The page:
For years, there have been states that have what is called a “retreat first” law.  These laws require someone to try to leave the site of a potential violent encounter rather than permitting them to defend themselves.  This also includes retreating from your own home should someone break in.  You, the lawful citizen, must act in a manner that empowers the criminal element.  Thank God Georgia isn’t one of those states.

The moves all push towards creating a nation of docile subjects who turn to the state for the answers to their problems.  There are arguments now that guns aren’t necessary because the police will protect us.  Of course, the Supreme Court case Castle Rock v. Gonzales says otherwise.

Catching up on Wisconsin

The protests in Wisconsin against Gov. Scott Walker’s budget proposal that would require public-sector workers to pay more for benefits and pensions, though they’ll still be better off than private-sector workers, and reforms that would limit collective bargaining by public-sector unions are still receiving an incredible amount of attention.

In case you haven’t seen it, here is video a speech Gov. Walker gave last night explaining the reasons for the proposal. You can read the transcript here:

Walker, who has been falsely accused of favoring certain public-sector unions, has warned that unless the measures are passed to help ensure that the $3 billion budget deficit over the next two years can be cut, 6,000 public workers could lose their jobs.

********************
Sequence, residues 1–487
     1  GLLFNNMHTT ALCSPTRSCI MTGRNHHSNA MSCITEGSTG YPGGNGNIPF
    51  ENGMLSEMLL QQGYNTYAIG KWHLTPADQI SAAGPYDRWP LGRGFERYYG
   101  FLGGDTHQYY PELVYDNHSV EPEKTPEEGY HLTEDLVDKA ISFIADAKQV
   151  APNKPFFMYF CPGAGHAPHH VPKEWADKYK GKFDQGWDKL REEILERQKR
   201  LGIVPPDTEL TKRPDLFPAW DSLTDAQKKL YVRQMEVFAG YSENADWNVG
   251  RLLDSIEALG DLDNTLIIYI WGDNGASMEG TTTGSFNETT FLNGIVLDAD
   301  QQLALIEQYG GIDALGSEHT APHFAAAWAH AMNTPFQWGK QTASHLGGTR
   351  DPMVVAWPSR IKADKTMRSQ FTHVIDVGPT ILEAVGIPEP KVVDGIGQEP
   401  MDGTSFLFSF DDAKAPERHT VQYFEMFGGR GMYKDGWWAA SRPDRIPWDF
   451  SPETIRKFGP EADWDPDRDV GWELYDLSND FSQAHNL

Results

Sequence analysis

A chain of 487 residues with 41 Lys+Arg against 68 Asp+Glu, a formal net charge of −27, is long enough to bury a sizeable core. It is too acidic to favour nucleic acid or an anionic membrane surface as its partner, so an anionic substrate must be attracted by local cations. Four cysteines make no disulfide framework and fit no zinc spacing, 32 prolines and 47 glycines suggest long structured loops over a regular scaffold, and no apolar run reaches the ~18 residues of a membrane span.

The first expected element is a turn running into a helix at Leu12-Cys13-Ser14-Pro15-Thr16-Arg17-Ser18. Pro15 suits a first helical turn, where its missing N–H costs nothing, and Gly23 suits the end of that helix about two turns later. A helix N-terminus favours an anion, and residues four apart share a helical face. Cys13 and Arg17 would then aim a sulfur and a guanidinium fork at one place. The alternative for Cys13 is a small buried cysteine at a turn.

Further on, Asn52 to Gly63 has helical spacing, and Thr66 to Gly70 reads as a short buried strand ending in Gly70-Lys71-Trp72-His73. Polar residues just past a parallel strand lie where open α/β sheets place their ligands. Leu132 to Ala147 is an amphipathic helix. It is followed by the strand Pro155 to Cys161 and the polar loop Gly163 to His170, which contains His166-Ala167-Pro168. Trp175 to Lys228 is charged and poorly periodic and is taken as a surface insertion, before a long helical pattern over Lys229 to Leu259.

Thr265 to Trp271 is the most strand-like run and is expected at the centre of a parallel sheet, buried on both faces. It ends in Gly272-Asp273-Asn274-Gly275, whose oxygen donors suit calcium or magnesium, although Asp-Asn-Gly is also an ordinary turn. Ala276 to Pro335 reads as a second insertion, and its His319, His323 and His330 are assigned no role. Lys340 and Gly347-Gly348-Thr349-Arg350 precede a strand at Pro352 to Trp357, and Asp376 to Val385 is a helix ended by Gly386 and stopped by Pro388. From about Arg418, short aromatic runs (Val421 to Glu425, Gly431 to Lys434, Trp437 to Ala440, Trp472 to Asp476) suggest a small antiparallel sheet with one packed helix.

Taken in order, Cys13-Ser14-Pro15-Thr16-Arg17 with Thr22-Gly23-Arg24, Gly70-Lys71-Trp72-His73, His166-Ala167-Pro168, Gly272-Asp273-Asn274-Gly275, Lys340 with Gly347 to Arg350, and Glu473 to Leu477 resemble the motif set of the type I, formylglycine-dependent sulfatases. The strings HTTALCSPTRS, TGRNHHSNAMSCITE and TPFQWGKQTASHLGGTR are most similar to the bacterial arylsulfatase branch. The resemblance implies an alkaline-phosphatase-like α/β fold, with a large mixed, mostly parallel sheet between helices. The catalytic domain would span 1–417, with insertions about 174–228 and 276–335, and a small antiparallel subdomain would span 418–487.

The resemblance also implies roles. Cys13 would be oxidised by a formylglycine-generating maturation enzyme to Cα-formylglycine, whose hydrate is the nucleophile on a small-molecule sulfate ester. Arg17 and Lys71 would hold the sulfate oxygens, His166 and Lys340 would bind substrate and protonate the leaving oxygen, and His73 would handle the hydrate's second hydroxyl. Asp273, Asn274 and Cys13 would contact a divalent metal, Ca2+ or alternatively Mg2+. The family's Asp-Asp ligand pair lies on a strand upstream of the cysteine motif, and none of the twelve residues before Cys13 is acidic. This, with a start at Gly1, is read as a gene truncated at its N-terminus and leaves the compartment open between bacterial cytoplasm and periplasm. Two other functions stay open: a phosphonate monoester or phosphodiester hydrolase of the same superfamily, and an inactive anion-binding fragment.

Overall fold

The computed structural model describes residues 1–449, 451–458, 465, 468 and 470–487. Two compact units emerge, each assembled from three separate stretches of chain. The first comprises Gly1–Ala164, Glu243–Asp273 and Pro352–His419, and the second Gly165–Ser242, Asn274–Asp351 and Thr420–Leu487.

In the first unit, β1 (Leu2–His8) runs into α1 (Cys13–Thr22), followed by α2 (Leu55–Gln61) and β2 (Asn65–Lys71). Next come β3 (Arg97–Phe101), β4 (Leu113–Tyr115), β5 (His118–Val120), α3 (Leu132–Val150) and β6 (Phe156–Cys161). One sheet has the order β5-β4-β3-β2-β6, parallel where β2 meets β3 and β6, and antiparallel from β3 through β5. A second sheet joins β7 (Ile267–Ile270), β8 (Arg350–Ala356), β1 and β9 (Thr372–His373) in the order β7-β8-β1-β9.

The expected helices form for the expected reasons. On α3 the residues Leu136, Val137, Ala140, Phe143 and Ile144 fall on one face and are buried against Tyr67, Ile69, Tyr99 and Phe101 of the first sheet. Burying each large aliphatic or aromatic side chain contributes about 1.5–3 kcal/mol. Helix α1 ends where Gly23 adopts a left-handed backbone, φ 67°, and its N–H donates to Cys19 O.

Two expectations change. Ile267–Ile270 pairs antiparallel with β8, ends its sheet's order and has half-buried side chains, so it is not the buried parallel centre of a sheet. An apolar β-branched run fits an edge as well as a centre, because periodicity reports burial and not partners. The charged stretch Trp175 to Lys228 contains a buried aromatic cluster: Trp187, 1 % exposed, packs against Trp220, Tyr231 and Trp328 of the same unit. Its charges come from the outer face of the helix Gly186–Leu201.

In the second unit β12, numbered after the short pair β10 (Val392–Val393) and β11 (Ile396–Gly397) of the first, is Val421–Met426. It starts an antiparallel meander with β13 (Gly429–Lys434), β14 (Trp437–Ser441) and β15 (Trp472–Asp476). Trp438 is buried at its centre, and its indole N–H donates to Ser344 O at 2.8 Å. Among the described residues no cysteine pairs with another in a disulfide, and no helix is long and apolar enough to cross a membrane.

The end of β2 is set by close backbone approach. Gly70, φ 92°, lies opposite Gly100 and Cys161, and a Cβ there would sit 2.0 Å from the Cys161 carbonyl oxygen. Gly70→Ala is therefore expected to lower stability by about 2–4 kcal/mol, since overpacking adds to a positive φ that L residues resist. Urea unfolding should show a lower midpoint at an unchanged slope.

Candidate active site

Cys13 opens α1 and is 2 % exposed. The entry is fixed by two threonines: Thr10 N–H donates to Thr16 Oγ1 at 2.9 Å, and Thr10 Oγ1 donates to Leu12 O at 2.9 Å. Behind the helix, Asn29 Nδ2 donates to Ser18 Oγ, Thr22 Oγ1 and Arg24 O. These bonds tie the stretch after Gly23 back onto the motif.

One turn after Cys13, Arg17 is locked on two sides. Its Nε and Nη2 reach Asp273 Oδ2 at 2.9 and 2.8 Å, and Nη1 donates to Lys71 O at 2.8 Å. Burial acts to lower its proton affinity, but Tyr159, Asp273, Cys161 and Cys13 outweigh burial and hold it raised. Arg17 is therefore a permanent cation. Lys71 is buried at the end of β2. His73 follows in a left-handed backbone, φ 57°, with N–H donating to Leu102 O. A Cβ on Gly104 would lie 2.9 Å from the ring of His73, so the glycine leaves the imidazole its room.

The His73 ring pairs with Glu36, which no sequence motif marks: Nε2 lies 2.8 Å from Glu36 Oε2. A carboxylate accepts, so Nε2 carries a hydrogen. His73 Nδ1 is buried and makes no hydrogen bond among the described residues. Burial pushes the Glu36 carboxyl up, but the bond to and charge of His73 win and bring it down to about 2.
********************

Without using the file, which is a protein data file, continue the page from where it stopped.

Podcast: Liberty Candidate - Marlin Stutzman (U.S. Senate - Indiana)

Continuing our “Liberty Candidate Series” of interviews, Jason and Brett talk with Marlin Stutzman, discussing the retirement of Evan Bayh (D-IN), Hoosier jobs, energy policy, and fiscal conservatism.  Stutzman is one of five Republican candidates seeking the Republican nomination for Indiana’s U.S. Senate seat this year.

This special edition podcast is the seventh in a series devoted to showcasing liberty candidates nationwide.

You can download the podcast here. The introduction music is “Silence is Violence” by the always lovely Aimee Allen.

You can subscribe to the RSS of JUST our podcasts here, or you can find our podcasts on iTunes here.

Bayh’s Retirement Not Hurting Democrats As Much As Most Think It Will

After absorbing the news from every outlet on earth yesterday, even our own editor’s take, on the “surprise” retirement of Indiana Democrat Evan Bayh, I have to say that analysts are not considering all the “good” that can come from his retirement from the U.S. Senate.  It seems that everyone predicts a Republican to pick up his seat in November.  Lately, I have been among the few to see some things that ebb against the accepted flow in analyzing races and situations.  This is another such ebb.